If you’re not a meat eater, then look away NOW!
The word “Bulgogi” literally means “fire meat” in Korean. It refers to marinated meat that is cooked using traditional grilling techniques such as gridirons or perforated dome griddles. The term is also applied to variations such as dak bulgogi (made with chicken) or dwaeji bulgogi (made with pork). The first time I ever ate beef bulgogi was actually in a hawker centre in Singapore, believe it or not. I can remember it being served with kimchi, some kind of soup broth, and plenty of rice. I really enjoyed this meal, and from that moment onwards I was happy to eat bulgogi anywhere – it’s pure heaven!
Bulgogi is made from thin slices of prime beef that before being cooked are marinated with a mixture of soy sauce and garlic to enhance the flavour. Sliced onions and chopped green peppers are often grilled or fried with the meat, and once fried, the dish is sometimes served with a side of lettuce, which is used to wrap a slice of cooked meat, often coated with a dab of ssamjang for good measure! I love my bulgogi with onions and beansprouts, as it gives a heavenly taste! In my opinion, some of the comparable beef dishes I have come across around the world are Bistek Tagalog (and maybe sisig) from the Philippines, as well as Iskandar Kebab in Turkey.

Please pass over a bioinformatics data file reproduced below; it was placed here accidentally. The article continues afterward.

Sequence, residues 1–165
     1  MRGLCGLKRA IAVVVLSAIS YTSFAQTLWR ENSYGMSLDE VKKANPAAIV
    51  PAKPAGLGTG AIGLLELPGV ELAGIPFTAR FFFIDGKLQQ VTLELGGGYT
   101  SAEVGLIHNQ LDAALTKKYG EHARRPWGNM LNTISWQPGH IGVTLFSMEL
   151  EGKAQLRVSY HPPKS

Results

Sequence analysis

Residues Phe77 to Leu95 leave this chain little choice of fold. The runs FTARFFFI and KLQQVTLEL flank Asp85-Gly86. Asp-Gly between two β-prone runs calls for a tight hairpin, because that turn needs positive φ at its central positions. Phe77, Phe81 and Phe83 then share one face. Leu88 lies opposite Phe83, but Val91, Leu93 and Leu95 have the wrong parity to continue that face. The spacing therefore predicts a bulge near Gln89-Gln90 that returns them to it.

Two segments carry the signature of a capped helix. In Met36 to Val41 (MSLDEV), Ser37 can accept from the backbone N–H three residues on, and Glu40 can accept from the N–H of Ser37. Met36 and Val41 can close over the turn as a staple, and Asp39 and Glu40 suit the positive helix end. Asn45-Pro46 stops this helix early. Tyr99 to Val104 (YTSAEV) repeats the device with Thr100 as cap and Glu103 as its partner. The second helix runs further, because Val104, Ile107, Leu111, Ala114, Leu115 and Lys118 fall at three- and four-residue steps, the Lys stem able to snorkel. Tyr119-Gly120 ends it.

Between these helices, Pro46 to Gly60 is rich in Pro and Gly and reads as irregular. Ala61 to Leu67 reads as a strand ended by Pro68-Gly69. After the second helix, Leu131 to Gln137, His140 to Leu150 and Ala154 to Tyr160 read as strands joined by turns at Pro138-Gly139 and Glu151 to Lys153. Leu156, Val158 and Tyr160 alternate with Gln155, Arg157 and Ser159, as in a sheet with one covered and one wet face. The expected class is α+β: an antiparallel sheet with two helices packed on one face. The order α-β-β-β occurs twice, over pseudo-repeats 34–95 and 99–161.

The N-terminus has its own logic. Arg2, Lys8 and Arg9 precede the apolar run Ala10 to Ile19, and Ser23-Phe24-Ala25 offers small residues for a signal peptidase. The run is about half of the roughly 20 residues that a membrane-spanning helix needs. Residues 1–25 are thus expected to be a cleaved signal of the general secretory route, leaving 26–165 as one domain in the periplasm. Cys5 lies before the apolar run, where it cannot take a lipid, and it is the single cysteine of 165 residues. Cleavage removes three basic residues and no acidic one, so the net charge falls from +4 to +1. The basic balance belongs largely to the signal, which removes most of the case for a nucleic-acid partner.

Over the years, Korean cuisine has became more and more popular, especially in the Americas. There is now a hybrid cuisine known as KO-MEX, which is a mixture of Korean and Mexican foods (think burrito = Korrito. Yep?). As such, you can find bulgogi-filled burritos, quesadillas and tacos all over North America and also in small doses in South Korea itself. Of course, being made primarily of beef, these strips are often a good filling for the hamburger, and now you can find quite prominently so-called ‘Bulgogi Burgers” from various fast food chains – even McDonald’s have got in on the act!
Why not try cooking your own Bulgogi, with this recipe and set of instructions from Korean food legend Maangchi.